• 1969: RP = $1.28/$3.00 = 0.427 hour = 26 minutes
• 1989: RP = $2.39/$10.00 = 0.239 hour = 14 minutes
• 2010: RP = $4.30/$18.61 = 0.231 hour = 14 minutes
Implications of Declining Marginal Value
(Marginal Utility)
Implication 1: Consumers buy more of a product or service when its (relative)
price falls.
• The marginal value is the price you are willing to pay for that unit of product.
• Example: If you are very hungry, the marginal value of the first hamburger is
$3,00 to you. However, the marginal value of each hamburger after that
decreased until the marginal value may be $0 or close to it.
• So, if the price of a hamburger is $3.00, you will buy 1. If the price of
hamburger is $2.00 you will buy 2. If the price of hamburger is $0.80, you will
buy 3.
Implications of Declining Marginal Value
(Marginal Utility)
Implication 2: Sellers can use quantity discount as a pricing strategy to maximize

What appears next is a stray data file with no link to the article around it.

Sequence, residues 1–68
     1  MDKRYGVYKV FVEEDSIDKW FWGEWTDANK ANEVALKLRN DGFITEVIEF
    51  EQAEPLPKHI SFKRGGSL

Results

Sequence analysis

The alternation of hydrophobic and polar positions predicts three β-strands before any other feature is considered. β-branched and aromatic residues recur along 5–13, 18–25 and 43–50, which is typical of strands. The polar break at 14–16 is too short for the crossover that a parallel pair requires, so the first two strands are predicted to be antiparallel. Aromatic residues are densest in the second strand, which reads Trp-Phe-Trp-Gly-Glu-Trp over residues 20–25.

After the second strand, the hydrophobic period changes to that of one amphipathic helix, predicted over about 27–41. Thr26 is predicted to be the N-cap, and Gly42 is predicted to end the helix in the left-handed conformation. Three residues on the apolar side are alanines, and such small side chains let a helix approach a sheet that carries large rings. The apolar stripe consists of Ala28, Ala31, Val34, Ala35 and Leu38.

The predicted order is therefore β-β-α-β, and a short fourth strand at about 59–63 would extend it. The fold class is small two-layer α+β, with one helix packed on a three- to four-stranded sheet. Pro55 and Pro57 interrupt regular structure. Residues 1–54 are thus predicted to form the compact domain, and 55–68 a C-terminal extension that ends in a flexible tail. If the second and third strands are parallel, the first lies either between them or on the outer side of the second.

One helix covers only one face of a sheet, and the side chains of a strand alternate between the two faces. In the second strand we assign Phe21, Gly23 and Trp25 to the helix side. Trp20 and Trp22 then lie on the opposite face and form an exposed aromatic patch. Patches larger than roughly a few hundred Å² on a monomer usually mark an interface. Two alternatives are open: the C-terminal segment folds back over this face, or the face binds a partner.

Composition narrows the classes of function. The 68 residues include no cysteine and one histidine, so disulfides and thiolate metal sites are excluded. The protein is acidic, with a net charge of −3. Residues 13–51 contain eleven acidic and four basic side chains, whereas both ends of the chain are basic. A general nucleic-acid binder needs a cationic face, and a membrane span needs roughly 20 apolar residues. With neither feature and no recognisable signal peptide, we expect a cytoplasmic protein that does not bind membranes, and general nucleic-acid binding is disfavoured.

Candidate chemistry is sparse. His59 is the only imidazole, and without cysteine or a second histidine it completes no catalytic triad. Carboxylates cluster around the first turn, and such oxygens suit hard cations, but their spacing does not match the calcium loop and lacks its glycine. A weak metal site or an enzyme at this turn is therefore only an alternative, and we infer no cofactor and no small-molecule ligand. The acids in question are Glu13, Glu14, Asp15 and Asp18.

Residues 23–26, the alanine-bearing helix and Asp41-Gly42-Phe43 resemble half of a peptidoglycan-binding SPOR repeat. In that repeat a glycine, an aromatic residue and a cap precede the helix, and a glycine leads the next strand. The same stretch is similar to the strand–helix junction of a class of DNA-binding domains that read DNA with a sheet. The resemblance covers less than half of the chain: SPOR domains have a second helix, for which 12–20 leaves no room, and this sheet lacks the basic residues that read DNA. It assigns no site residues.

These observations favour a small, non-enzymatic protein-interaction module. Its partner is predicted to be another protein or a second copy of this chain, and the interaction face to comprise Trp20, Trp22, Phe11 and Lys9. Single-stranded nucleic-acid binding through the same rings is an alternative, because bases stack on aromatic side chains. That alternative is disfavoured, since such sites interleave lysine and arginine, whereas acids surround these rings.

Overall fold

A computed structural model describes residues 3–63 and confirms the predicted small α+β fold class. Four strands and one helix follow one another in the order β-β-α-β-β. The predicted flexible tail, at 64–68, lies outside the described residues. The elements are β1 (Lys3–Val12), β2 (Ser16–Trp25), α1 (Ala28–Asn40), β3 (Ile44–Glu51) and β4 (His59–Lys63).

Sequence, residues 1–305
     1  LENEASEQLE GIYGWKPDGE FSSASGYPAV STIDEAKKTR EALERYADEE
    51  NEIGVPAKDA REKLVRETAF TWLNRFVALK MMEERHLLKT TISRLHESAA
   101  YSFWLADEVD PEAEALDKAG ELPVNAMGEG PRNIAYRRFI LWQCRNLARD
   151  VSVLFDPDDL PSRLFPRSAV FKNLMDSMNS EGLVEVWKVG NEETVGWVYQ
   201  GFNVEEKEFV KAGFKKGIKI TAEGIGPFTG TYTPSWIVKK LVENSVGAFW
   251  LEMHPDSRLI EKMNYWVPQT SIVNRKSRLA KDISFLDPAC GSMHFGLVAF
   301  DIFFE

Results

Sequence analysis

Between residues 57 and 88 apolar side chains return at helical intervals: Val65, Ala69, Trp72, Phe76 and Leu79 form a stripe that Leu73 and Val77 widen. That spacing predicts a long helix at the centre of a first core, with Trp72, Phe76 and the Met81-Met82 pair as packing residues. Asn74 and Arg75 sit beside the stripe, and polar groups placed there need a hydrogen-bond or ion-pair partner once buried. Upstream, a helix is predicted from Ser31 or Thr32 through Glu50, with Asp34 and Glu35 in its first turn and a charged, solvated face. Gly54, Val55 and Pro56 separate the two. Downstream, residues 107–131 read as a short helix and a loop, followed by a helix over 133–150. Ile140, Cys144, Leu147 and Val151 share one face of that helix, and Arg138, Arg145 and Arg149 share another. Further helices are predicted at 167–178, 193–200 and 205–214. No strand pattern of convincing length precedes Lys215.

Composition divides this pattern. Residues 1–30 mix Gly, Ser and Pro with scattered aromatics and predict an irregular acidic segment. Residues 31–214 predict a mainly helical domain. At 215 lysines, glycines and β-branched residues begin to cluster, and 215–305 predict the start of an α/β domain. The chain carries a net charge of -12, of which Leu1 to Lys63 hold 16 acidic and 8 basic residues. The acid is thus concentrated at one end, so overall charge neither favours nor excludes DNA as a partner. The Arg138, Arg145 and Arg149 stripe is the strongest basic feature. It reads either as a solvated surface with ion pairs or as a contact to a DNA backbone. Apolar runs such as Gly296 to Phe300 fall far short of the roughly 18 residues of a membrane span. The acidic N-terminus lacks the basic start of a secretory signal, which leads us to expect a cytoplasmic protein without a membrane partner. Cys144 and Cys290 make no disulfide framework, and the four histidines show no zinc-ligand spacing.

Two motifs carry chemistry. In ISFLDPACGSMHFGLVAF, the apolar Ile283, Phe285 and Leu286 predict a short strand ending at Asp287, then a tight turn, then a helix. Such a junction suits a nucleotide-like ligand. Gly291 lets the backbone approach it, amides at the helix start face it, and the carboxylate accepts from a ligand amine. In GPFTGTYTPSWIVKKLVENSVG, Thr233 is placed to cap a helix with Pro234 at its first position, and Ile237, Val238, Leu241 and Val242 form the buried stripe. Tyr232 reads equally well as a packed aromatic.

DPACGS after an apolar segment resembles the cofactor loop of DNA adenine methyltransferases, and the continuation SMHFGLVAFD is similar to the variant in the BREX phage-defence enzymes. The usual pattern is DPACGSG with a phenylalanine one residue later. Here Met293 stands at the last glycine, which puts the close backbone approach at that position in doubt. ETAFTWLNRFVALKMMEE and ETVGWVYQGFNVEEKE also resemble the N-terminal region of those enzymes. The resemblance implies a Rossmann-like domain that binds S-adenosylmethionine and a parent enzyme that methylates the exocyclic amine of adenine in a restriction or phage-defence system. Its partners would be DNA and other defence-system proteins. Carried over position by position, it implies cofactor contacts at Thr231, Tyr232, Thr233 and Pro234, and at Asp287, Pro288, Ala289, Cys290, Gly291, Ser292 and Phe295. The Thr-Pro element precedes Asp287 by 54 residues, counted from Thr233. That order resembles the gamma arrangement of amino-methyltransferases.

profit.
• In the previous example, if the seller sets the price at $2.00, the consumer will
buy 2 hamburgers. However, because of diminishing marginal utility, the
consumer was actually willing to pay $5.00 for 2 hamburgers ($3.00 for the first
and $2.00 for the second).
• The seller can package two hamburgers and sell both for $5.00 to maximize
profit. This is why sellers often offer quantity discounts.
Demand and Demand Curve
What is demand?
• The quantity of a product that a consumer, or a group of consumers, will purchase at a given price.
What is the relationship between demand and price?
• Inverse relationship between quantity demand and price:
• Price increases, demand decreases
• Price decreases, quantity demand increases
What is a demand curve?